It’s Mental Health Awareness Month and I want you to read this. I’m Amy, a Clinical Therapist, which gives me the “authority” to talk (write) to you about what it means to be aware of mental health. Now listen, there are major mental health issues that I could talk about and we could get really deep, but I think I’ll leave the heavy stuff to others. I want to focus on awareness. To do that, I am going to tell you about my journey to awareness.
I first realized I might be a little different when I was 16 years old. This event started like any other day as I walked through the YMCA talking to the front desk workers, greeting my “old” lady friends in the locker room (who consequently were probably the age I am now, ah youth) and talking myself into actually working out rather than going to the pool to talk to the hot lifeguard. I go to my locker and begin to take my pullover jacket off when low and behold, the underwear I’d surely packed in my gym bag were actually sticking to the velcro of my jacket, right on my chest. You need to know, these weren’t your 16 year old, PINK cute undies either, we’re talking full Hanes comfort grannies, I can still see them– navy blue, large and clearly undies, sticking on my light blue jacket. Not one person had said “Hey Amy, you’ve got something on your jacket there” not one! And I laughed, so hard at myself (because I mean that’s funny), and at the fact that all those people I’d greeted even chatted with hadn’t told me, I just found it absolutely hilarious. I laughed all by myself standing at my locker for probably a solid minute. It wasn’t until later when I shared this hilarious event with my friend, that I realized I might be a bit different. My friend said that I should have felt mortified, she would have, anyone else would have, & I was “so weird.”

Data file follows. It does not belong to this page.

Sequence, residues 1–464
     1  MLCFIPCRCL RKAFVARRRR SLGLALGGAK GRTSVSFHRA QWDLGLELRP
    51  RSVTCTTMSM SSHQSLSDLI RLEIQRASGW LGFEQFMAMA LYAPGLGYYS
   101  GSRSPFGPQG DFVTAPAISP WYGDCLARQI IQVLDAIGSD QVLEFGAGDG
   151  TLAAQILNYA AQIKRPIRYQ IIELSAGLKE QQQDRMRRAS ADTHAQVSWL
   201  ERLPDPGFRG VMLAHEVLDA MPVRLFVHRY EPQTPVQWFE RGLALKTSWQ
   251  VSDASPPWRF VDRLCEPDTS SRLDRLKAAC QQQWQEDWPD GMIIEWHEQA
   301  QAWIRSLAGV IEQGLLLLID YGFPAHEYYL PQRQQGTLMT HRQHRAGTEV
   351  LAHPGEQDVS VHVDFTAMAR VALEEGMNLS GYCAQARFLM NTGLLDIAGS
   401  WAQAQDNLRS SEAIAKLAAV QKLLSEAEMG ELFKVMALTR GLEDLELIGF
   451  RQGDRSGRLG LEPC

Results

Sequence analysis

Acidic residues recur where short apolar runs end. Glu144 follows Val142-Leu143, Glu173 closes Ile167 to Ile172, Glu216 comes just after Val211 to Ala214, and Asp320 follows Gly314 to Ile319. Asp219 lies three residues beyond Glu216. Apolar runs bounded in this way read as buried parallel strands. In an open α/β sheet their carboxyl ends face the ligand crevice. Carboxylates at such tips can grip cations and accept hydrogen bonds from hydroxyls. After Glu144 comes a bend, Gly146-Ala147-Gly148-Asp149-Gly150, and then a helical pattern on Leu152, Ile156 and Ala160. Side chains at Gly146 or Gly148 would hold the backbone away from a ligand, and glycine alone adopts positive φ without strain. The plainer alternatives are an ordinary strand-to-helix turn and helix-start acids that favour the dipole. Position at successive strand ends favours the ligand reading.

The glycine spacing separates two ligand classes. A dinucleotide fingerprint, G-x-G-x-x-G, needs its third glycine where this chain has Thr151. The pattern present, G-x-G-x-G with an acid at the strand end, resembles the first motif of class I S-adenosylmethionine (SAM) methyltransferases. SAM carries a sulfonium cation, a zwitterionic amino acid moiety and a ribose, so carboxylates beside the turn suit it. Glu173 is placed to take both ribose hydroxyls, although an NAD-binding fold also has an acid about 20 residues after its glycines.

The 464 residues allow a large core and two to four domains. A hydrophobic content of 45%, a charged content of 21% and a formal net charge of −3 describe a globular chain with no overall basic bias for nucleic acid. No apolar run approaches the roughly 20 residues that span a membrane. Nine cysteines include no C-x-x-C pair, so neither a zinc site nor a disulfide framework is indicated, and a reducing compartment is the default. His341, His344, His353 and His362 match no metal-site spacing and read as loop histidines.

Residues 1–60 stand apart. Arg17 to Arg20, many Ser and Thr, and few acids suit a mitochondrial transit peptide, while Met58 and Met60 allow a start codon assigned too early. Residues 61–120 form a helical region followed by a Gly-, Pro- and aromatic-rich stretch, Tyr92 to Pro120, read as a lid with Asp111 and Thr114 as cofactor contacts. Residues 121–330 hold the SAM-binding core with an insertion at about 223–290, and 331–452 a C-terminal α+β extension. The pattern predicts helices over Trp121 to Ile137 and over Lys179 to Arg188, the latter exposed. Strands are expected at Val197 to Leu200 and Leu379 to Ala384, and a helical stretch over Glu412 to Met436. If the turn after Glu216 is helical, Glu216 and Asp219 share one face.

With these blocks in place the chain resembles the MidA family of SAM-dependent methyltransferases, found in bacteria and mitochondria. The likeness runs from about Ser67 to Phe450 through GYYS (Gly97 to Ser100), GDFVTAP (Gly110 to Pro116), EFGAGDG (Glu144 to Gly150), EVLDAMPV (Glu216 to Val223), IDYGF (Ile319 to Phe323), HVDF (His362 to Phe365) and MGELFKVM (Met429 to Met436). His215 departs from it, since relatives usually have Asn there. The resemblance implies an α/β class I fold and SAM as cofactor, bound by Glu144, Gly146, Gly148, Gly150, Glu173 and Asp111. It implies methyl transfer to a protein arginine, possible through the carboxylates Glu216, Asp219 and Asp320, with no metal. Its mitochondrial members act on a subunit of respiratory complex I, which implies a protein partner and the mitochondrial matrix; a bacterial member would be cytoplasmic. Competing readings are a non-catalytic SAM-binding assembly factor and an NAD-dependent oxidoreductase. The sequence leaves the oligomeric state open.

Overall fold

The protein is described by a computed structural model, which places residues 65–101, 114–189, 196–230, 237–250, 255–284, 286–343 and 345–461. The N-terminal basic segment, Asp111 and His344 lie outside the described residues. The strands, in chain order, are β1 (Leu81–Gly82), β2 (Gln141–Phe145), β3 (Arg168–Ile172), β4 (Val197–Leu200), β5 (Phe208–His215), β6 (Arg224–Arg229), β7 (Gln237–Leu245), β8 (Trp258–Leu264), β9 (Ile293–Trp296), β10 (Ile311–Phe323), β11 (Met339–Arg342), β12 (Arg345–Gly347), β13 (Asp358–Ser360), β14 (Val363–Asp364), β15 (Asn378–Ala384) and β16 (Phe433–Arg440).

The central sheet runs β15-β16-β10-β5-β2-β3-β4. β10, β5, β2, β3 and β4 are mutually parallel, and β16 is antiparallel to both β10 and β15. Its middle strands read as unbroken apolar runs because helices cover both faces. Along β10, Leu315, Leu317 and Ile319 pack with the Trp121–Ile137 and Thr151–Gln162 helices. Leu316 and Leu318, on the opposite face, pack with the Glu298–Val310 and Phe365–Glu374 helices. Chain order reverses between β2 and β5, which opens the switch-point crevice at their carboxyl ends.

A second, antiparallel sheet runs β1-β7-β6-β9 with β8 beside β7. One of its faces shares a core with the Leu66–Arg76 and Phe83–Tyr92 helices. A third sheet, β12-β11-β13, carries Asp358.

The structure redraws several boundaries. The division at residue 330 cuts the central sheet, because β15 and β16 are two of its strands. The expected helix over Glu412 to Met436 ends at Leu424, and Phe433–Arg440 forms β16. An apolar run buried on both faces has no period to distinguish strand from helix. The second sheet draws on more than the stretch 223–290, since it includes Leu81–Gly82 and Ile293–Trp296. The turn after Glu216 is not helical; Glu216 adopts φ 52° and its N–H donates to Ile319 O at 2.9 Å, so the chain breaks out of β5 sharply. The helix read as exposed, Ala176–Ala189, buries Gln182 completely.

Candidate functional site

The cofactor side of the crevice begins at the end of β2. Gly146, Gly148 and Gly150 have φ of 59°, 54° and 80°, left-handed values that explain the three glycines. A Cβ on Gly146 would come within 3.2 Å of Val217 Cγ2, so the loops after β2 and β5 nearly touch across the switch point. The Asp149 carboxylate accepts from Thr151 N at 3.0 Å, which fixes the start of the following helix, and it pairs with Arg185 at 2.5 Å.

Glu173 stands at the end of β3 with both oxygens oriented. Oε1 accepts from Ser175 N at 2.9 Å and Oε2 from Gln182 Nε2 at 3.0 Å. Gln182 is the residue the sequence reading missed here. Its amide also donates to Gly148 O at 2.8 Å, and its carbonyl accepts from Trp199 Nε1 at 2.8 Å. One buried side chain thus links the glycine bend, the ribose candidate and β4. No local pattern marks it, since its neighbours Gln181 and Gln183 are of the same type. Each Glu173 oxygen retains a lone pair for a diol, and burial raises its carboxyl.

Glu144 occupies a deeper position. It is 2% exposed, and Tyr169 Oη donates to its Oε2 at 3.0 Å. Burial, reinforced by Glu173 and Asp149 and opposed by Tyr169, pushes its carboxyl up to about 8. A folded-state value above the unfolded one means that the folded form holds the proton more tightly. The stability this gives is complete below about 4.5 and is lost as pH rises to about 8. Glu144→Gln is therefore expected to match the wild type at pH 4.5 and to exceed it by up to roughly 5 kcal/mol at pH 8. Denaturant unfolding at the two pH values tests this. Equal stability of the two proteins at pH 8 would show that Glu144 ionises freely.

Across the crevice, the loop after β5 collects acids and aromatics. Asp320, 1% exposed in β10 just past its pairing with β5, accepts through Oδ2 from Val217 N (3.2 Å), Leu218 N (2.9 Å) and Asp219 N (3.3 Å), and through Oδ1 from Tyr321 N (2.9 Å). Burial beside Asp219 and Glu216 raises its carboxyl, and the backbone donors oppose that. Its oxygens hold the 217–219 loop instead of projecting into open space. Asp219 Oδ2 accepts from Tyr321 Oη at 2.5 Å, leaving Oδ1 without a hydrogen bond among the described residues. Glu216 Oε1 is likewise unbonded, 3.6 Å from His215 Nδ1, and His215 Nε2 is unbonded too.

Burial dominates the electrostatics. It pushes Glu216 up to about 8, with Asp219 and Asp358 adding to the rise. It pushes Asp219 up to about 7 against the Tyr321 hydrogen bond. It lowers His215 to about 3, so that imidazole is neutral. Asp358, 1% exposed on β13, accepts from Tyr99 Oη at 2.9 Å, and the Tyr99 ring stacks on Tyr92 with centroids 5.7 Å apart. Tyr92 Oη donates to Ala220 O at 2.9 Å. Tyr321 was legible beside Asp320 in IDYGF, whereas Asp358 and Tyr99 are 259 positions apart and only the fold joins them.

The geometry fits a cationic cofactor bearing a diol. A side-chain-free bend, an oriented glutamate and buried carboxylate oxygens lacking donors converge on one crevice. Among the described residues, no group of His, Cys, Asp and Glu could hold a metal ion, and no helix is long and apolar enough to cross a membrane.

Now I’d love to tell you that I embraced being different and kept being that light hearted girl. But, no, I started to become more aware of how I reacted to things and started questioning everything about myself. I became embarrassed for not having been embarrassed and I succumbed to the general angst of being a teenager, self-doubt, peer pressure, etc. I suffered with it well into my 20’s. It’s interesting (and one fundamental of good therapy, btw) how we can sometimes trace feelings and behaviors back to certain life events.
So, what happened? Eventually I got tired. I realized I wanted to be the girl who laughed at herself again. I didn’t want to put more emphasis on what others thought of me than what I thought of me, I wanted to trust my gut reactions again. And this is where I wish I could tell you I went to a therapist who helped me find myself again. Because goodness that would have been something beautiful, not feeling so alone while I tried to “fix” myself.
But, I didn’t know what I know now and even while I was in school to become a mental health professional, I still felt the stigma assigned to people who seek help. I felt it would show weakness on my part & I wouldn’t be a good student. After all, how could I help people if I couldn’t help myself? So, I took a harder route but eventually I found ME again.
I became aware. Everyone has a story, we all have mental health “issues.” Embrace yourself as you are and seek help if you find you don’t like something. I promise you’ll find a new type of freedom. Once you allow yourself that freedom, you become more open to accepting others for who they are and THAT is life changing, societal altering, good stuff.